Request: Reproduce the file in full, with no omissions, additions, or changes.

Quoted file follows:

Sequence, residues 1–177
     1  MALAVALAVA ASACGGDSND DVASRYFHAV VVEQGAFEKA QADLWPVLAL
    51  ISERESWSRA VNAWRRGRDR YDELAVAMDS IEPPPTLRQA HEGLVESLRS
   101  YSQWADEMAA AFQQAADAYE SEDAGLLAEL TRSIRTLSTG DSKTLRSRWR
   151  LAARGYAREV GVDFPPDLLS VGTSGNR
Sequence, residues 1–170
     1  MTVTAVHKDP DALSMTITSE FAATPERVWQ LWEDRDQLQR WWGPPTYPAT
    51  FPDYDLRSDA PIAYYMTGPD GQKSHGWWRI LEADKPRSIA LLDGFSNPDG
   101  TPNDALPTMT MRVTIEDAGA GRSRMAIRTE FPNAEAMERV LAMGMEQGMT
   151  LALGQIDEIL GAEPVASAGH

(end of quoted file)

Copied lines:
Sequence, residues 1–177
     1  MALAVALAVA ASACGGDSND DVASRYFHAV VVEQGAFEKA QADLWPVLAL
    51  ISERESWSRA VNAWRRGRDR YDELAVAMDS IEPPPTLRQA HEGLVESLRS
   101  YSQWADEMAA AFQQAADAYE SEDAGLLAEL TRSIRTLSTG DSKTLRSRWR
   151  LAARGYAREV GVDFPPDLLS VGTSGNR
Sequence, residues 1–170
     1  MTVTAVHKDP DALSMTITSE FAATPERVWQ LWEDRDQLQR WWGPPTYPAT
    51  FPDYDLRSDA PIAYYMTGPD GQKSHGWWRI LEADKPRSIA LLDGFSNPDG
   101  TPNDALPTMT MRVTIEDAGA GRSRMAIRTE FPNAEAMERV LAMGMEQGMT
   151  LALGQIDEIL GAEPVASAGH